That gives you just a taste of what wonderful company she must have been and indeed what a wonderful woman she was. If you haven’t read her I would urge you to try Wait for Me or Counting My Chickens, I will be getting All in One Basket off the shelves once back from London. And you must, must read The Mitfords; Letters Between Six Sisters if you haven’t. It is like a history of the UK since the early 1900’s, told with wit and incredible insight both from the sisters perspectives and places in society. In fact go and get it now! It is wonderful that we have the words and works of Deborah and her five sisters; Pamela, Unity, Nancy, Diana and Jessica, do admit!

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The Shock of the Fall – Nathan Filer

I am rather late to the party with Nathan Filer’s debut novel, we flirted (the book and I not the author, just to clarify) with each other around the time that it won the Costa, and as soon as it came out in paperback I bought it, yet the subject of mental health was one that always worries me with a book and so I held off. However when my book group chose it I was really rather excited to be finally getting to read about it, and then I was slightly cross with myself for having not read it sooner – isn’t that just the way?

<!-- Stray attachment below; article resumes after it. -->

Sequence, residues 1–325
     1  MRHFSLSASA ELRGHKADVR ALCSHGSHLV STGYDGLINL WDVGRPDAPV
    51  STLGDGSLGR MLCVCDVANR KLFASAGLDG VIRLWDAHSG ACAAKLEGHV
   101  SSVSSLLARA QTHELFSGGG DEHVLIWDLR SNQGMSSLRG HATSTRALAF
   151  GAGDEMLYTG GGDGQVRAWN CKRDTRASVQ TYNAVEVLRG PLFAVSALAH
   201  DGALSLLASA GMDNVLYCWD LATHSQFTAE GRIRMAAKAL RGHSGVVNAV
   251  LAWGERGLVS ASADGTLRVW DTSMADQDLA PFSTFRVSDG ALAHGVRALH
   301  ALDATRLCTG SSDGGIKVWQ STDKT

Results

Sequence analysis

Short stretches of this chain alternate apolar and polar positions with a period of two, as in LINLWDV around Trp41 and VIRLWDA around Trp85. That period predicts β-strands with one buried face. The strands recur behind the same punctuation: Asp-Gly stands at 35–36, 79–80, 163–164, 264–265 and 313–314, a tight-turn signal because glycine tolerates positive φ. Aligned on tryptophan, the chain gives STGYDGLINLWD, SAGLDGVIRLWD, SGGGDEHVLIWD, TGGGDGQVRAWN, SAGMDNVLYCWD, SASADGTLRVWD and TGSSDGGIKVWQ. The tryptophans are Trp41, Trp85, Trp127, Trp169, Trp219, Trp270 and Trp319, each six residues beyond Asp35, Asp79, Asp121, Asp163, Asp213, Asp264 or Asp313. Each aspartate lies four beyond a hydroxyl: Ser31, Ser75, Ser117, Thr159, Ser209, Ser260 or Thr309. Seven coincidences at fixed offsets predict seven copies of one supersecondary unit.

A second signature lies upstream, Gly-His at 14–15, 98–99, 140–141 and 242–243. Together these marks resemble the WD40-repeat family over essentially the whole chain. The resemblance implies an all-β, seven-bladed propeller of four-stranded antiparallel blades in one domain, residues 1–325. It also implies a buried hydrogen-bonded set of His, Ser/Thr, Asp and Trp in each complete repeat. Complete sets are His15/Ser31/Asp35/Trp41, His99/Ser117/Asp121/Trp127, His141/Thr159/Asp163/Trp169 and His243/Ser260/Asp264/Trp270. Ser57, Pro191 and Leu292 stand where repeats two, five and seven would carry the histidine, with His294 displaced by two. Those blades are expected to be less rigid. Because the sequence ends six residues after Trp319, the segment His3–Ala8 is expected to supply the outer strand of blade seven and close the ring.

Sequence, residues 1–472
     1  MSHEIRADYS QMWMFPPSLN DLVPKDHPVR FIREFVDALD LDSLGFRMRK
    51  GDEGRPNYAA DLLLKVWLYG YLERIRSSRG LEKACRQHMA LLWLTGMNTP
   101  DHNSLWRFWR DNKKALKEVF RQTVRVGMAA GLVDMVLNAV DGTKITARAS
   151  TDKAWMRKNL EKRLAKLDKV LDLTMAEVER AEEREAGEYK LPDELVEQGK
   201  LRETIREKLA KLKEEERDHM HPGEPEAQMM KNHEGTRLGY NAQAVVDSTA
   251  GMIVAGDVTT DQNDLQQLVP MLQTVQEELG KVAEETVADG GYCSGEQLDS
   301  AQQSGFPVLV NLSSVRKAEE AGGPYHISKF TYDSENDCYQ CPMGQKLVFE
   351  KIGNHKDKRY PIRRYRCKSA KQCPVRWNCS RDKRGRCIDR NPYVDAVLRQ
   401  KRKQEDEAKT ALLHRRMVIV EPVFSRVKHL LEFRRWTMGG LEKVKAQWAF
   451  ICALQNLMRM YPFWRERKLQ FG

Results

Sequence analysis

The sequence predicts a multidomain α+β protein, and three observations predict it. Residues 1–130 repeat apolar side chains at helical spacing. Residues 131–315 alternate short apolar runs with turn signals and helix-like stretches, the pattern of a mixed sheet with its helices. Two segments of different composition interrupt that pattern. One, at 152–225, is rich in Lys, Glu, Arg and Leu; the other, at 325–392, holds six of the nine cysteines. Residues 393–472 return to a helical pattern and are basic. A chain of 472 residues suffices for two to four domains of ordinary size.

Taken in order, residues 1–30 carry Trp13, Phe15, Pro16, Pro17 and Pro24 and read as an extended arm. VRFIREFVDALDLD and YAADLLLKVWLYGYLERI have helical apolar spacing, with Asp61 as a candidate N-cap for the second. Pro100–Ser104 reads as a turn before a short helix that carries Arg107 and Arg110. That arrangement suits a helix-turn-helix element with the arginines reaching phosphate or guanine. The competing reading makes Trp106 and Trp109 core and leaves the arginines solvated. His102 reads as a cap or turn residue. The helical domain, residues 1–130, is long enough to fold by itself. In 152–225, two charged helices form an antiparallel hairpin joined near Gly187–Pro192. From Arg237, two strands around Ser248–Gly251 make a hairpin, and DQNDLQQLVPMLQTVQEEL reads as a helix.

Borough Press, paperback, 2014, fiction, 320 pages, bought by my good self

The Shock of the Fall is really two stories combined, both told by Matthew, in the present Matthew is a young man with Schizophrenia (‘I have an illness, a disease with the shape and sound of a snake. Whenever I learn something new, it learns it too … My illness knows everything I know.’) and who has been sectioned and is dealing with the current mental health system. The other story is one which we get glimpses of, never quite alternating, as we read on and relates back to Matthews childhood and the death of his brother. As we follow Matthew’s narrative not only are we given insight into the system and how it is, or isn’t, working for him; we also follow the fallout, grief and guilt of a family after the death of one so young and the circumstances around it.